More than a decade after former Labor Prime Minister Paul Keating’s attempts to bring Australia “closer” to Asia, this country and New Zealand may soon confront a far more fundamental decision in the relationship - whether to join a European Union-style East Asian community.
The concept is still in its fledgling stage, but that is a significant step forward from the situation of just a few years before when, as Brian Lynch, of the New Zealand Institute of International Affairs, puts it: “Anyone who had taken that concept seriously would have been moved on to a different medication.”
And in an address to the Canberra branch of the Australian Institute, Mr Lynch made it quite clear where he believed New Zealand’s interests lay. “If a coherent, collaborative community is going to emerge, it is a bus on which we have to board,” he said.
The movement received critical impetus from the East Asian Summit meeting last December, a gathering of the leaders of 16 countries, including Australia and New Zealand, representing half the world’s population and 20 per cent of global trade. It was a bold undertaking as many of the nations involved have been rivals, sometimes bitter rivals, throughout most of the 20th century and even in recent times have established no great tradition of working together.
It could easily have been a fiasco; instead it managed to make progress on issues of mutual concern, such as disaster relief and the alleviation of poverty - enough to suggest that given a continuing commitment, a workable East Asian community could emerge in the medium term. For Lynch, “the tectonic plates of regional politics are on the move again in Asia and the question for us is how far will this process go, where is it headed and what are the eventual consequences?”
Can any parallels be drawn from the origins of the European and African unions? Those of a negative bent will argue that East Asia today cannot be compared with Europe in the 1950s and Africa in the 1990s.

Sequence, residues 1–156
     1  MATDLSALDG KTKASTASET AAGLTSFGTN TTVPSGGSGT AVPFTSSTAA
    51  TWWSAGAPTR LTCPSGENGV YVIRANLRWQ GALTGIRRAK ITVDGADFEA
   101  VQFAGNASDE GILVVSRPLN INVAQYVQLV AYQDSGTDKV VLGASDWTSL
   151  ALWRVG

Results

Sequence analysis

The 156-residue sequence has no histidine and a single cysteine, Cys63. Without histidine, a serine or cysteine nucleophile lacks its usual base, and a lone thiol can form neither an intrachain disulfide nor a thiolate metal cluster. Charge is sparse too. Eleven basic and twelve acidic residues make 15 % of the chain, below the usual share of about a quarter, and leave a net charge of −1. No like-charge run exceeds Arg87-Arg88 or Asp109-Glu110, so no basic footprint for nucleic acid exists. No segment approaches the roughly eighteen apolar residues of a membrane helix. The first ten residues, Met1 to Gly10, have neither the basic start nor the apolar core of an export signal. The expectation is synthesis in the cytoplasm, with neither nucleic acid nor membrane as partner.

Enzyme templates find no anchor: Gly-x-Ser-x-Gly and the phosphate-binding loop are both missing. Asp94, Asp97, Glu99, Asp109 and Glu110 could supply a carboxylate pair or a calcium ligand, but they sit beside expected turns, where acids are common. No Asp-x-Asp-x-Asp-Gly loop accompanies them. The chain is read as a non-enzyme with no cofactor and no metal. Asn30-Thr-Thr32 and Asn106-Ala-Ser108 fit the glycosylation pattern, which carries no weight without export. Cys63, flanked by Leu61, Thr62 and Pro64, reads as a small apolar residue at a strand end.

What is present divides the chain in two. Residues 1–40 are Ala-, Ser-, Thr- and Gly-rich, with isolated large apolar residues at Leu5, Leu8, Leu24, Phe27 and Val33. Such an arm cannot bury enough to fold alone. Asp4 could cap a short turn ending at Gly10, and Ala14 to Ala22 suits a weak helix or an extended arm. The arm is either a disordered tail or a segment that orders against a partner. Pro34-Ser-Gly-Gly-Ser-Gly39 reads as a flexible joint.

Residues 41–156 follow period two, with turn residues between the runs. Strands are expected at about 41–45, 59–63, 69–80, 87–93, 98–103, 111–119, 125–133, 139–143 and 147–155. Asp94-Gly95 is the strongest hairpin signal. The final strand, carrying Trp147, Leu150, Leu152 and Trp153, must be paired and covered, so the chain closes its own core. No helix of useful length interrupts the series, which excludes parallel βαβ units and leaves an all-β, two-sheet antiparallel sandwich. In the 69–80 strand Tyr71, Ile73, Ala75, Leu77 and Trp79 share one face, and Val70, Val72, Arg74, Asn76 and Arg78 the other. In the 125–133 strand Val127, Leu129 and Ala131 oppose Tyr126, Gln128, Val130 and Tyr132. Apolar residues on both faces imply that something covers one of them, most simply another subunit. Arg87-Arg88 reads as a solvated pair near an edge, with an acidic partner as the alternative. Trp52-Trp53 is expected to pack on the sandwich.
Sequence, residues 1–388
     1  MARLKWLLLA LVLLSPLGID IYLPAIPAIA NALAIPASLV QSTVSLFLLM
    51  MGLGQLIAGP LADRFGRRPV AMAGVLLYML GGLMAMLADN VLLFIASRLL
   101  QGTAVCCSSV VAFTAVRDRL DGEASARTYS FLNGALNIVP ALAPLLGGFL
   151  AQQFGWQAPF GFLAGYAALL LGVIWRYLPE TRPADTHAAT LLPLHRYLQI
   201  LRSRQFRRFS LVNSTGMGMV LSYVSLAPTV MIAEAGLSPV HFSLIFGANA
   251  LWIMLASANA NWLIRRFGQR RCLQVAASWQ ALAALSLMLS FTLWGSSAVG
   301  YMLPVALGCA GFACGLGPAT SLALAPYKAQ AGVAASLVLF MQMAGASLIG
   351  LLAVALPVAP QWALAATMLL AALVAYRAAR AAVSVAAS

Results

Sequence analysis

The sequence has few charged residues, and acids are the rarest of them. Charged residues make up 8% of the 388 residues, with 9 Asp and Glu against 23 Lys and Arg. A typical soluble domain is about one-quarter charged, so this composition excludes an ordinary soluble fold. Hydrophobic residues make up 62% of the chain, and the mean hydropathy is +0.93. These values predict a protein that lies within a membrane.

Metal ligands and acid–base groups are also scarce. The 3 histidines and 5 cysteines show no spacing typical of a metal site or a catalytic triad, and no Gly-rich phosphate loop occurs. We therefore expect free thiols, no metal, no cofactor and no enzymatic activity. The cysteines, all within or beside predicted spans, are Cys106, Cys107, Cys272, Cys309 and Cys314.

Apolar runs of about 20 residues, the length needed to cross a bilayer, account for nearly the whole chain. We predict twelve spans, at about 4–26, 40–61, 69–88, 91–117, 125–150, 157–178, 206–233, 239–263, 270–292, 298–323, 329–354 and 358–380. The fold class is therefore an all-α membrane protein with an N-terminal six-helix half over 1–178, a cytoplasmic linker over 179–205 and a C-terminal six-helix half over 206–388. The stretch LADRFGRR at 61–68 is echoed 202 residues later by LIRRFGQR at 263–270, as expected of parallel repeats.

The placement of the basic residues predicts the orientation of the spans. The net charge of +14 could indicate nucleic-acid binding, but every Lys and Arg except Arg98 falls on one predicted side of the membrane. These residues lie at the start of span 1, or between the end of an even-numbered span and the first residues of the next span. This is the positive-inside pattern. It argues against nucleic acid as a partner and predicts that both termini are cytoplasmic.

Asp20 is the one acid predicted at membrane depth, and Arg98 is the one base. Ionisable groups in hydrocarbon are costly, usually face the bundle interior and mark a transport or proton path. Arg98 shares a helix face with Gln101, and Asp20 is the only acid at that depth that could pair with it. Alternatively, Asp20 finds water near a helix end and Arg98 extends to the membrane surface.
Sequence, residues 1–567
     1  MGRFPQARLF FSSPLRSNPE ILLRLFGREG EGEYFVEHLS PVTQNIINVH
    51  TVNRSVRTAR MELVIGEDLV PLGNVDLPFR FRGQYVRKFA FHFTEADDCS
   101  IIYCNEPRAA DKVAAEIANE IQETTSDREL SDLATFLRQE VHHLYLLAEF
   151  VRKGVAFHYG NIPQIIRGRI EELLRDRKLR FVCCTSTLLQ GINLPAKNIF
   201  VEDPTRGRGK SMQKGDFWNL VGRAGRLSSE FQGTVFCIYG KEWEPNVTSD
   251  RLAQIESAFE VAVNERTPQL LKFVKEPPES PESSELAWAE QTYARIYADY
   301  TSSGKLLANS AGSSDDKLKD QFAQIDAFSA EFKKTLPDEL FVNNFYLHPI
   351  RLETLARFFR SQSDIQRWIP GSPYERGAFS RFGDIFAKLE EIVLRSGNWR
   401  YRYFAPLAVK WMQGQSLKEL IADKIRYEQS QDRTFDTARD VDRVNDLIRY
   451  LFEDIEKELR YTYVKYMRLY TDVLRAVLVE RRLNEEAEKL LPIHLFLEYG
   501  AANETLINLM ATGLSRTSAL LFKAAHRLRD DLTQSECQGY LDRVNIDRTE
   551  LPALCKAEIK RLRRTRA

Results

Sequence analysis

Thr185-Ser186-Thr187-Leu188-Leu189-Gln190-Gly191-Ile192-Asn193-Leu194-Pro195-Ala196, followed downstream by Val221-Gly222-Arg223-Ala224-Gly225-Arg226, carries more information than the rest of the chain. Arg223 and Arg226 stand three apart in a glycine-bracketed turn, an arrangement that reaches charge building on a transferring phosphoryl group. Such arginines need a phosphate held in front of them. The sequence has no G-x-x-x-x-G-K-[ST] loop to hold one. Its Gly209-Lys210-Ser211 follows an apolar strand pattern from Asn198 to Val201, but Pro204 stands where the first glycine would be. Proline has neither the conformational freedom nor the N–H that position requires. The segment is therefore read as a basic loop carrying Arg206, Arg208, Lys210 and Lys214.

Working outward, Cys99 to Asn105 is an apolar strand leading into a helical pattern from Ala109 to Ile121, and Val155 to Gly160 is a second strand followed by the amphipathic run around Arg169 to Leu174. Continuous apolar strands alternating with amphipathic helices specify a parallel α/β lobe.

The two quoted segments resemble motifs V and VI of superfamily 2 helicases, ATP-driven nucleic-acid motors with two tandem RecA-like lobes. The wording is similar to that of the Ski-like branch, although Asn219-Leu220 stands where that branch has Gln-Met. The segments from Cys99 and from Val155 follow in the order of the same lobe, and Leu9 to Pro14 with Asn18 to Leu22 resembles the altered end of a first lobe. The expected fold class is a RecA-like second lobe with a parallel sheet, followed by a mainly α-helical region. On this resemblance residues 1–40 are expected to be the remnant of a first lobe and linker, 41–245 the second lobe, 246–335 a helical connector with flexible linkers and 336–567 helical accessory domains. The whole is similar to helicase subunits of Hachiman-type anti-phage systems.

The European Coal and Steel Community, the ancestor of the EU, was born out of a determination that Europe would never again create the conditions under which its members would go to war with each other.
The AU, descended from the Organisation of African Unity, an anti-colonialism movement, is charged with bringing some stability and unity of purpose to a poverty-stricken, war and disease-ridden continent. None of these conditions apply in any compelling way to the countries of East Asia.
However, the move towards a globalised economy does present a new set of challenges. From multinational companies to groups concerned for the environment, alliances are being formed that transcend and ignore national frontiers. Even the anti-globalisation movement uses globalised tactics to make its protests heard.
The choice for Australia and New Zealand is to stay outside East Asian unity movements and try to profit through a series of looser arrangements, or to join with the countries in our neighbourhood in a wholehearted membership in which we would have some hope of playing an influential role.
The issues are significant, but it could be agued no more so than those faced by the countries several times since they ceased to be colonies of the British Empire. The years immediately after World War II constituted a period of reassessment as ties with the mother country loosened and waves of immigrants from war-ravaged Europe were accepted. In the 1970s Britain’s entry into the Common Market, the Vietnam experience and the recognition of the People’s Republic of China seemed just as traumatic in their day.
While it is easy to suggest the problems and choices of the moment are more daunting simply because they loom before us, today’s mix of global politics does set it aside from anything experienced in the past century.
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